The next award that will be looked at is of Clorex Spain v. Bolivarian Republic of Venezuela.[29] This arbitration was brought under the Spain-Venezuelan BIT in accordance with the UNCITRAL Rules. In the case, the Respondent State alleged that the Claimant was not the proprietary investor of the investment and there was an abuse of process as the Claimant had indulged in treaty shopping. The Respondent argued that Clorex Spain was a shell company that held shares for Clorex International, which was a company incorporated in the United States of America. The goods invested by the Claimant were monies that were originally contributed by Clorex International. The Respondent argued that the definition of investment in the BIT uses the term 'by the investor' which requires an action of investing if interpreted according to Article 31 of the Vienna Convention on the Law of Treaties. In this case, there was no investment, rather simply an exchange of shares for capital in a new company and therefore Clorex Spain would not be an investor. The Respondent argued that corporate planning must have underlying commercial reasons and not simply to gain the benefits of an unenforceable treaty. The Respondent also stated that it was an abuse of process because the dispute had already become foreseeable.

The Tribunal held that even though prima facie, Clorex Spain would seem to satisfy the requirements of holding an investment, it said that the requirement of action of investment as indicated by the term 'by the investor of the other Contracting Party' was important. They held that through the substantive provisions of the BIT, such as Article 3 which provides for full protection and security, and Article 4 which provides for fair and equitable treatment are all similarly qualified by the term 'made by investors of the other Contracting Party'. Reading this in light of Article 31 of the Vienna Convention on the Law of Treaties, the Tribunal concluded that there is a requirement imposed of active investment action. The Tribunal concluded that no transfer of value had taken place, and the Court concluded that the Claimant was not an investor (owner of the investment specifically) in this case. The Tribunal ruled in favour of the Respondent State and did not go into the other objections of the Respondent. This award was however set aside by the highest court of Switzerland, stating that emphasis on the definition of investment was misplaced, and the question of abuse of rights due to corporate restructuring was a pending issue.[30]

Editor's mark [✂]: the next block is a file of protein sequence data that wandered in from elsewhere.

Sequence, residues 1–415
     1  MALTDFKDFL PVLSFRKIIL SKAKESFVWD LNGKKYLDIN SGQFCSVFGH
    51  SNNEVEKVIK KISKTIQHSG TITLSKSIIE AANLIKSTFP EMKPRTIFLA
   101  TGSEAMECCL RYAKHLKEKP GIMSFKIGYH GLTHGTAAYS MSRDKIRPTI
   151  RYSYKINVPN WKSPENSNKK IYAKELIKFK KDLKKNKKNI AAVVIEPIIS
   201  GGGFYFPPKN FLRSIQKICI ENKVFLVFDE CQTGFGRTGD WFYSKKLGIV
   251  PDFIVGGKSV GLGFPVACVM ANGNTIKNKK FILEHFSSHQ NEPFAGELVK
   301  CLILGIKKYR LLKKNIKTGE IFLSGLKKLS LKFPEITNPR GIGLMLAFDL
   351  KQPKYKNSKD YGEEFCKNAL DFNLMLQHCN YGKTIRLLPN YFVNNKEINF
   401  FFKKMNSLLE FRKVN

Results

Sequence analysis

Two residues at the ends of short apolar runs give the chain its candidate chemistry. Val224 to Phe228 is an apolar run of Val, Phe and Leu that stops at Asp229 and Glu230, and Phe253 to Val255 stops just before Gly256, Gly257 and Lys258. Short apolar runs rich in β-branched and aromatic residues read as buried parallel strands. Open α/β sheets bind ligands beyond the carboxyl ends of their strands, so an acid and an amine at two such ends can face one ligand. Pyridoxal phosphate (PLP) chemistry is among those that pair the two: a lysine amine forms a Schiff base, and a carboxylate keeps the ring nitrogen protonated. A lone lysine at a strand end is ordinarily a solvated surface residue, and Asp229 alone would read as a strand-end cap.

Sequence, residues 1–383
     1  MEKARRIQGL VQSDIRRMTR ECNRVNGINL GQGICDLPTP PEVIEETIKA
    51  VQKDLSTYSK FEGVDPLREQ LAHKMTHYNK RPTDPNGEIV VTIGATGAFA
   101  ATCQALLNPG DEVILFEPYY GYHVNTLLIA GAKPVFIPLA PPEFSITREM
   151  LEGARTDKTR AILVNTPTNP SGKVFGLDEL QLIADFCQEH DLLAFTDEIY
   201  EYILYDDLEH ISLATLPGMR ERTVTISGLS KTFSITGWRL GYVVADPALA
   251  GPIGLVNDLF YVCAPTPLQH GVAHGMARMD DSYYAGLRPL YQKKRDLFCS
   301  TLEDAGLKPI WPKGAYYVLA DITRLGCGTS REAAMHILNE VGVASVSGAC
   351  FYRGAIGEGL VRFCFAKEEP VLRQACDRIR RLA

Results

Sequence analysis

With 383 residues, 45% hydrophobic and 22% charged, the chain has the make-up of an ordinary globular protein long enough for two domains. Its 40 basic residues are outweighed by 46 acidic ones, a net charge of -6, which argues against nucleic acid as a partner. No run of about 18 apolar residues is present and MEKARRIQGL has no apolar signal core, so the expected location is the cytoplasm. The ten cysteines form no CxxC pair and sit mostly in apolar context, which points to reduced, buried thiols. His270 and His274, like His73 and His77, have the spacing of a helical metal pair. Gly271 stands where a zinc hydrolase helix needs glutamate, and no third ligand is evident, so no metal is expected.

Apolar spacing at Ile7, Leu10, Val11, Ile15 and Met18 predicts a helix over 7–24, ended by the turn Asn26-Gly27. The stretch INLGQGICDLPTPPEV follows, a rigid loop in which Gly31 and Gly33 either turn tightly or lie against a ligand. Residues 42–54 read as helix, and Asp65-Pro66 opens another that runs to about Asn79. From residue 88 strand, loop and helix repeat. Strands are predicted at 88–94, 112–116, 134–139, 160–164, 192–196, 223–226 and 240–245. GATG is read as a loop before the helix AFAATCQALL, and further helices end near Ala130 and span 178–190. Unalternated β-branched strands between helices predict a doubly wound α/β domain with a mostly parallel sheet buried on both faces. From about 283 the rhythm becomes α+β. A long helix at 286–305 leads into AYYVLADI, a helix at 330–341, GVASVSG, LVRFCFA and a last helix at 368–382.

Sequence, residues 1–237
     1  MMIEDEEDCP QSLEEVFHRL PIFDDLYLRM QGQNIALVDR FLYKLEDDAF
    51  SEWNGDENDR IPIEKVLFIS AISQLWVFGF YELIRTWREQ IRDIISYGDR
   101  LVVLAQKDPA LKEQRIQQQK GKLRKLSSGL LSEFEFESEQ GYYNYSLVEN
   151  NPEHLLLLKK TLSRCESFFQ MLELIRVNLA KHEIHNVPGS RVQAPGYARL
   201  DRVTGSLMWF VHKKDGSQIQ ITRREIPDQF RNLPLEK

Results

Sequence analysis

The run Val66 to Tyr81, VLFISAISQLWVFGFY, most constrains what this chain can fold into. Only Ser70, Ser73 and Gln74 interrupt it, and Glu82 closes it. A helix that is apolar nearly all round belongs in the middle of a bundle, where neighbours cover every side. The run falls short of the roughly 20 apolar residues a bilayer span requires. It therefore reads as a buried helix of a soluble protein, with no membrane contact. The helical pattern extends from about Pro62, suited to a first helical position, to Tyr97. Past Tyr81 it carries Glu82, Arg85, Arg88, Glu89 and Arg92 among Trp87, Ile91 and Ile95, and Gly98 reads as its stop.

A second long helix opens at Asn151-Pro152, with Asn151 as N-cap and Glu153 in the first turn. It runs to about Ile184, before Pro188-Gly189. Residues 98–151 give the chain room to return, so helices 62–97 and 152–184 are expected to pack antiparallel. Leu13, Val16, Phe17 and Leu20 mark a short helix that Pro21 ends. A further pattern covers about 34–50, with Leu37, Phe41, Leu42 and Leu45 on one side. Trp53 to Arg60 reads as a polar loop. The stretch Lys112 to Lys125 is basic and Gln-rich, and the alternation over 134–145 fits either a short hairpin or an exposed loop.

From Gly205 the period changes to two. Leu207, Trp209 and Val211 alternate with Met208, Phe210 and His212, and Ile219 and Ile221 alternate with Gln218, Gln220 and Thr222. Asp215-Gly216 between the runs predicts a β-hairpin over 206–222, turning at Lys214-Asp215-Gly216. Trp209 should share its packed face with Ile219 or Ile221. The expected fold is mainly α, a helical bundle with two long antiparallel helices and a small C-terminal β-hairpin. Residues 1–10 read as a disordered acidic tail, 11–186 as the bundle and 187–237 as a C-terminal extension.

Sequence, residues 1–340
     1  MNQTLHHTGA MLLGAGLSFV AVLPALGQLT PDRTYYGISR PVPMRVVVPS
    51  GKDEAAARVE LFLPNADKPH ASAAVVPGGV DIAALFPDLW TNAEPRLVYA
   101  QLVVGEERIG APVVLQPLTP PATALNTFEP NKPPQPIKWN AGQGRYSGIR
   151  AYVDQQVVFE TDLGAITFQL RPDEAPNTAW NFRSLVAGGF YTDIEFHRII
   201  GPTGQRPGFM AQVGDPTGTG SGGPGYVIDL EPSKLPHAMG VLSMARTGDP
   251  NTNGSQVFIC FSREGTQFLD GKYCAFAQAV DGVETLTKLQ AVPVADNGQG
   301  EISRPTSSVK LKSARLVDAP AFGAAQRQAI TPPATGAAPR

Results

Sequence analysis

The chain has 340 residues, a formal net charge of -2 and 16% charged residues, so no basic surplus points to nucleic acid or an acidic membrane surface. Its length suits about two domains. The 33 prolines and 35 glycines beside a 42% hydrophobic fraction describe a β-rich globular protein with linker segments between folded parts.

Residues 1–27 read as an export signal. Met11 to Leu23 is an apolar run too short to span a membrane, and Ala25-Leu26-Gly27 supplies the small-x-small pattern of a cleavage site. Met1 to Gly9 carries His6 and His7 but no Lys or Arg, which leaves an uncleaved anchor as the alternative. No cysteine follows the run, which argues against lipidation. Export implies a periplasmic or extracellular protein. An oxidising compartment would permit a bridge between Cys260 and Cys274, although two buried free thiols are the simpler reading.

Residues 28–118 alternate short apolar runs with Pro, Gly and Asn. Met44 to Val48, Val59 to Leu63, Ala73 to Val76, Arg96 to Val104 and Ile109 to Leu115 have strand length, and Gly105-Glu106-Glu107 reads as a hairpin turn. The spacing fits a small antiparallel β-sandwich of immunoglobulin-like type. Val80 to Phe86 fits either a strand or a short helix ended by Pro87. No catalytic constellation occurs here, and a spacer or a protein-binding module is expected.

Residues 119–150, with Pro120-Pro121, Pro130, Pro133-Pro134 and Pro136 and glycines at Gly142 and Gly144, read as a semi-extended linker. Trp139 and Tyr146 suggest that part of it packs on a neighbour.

The most important argument in these cases is that the term invested in the definition of investor can be attributed significant meaning, although they are used to different ends. The argument proposed by the investor is that the term invested used in the definition of investment in BITs forms the basis of enquiry into the corporate structures employed to determine who the actual investment is made by, and who benefits from the measures given in the treaty. It forms the explicit basis to look at the holding structures of the companies in question. This approach has the potential to eliminate multiplicity of claims and resolve the issue of indirect claims, without prohibiting indirect claims altogether. Rather, what will be sought to be looked at is the actual act of investing, which would be satisfied where there is a legitimate corporate structure that doesn't comprise of shell companies. The position that would emerge is that while indirect claims are allowed, the indirect claimants must necessarily show the action of investment and therefore holding companies which simply hold shares as part of a corporate structure will be prevented from bringing a claim. Such a link between ratione personae and ratione materiae is not novel, as discussed above, these have been connected to expand the jurisdiction of Tribunals to include indirect claims.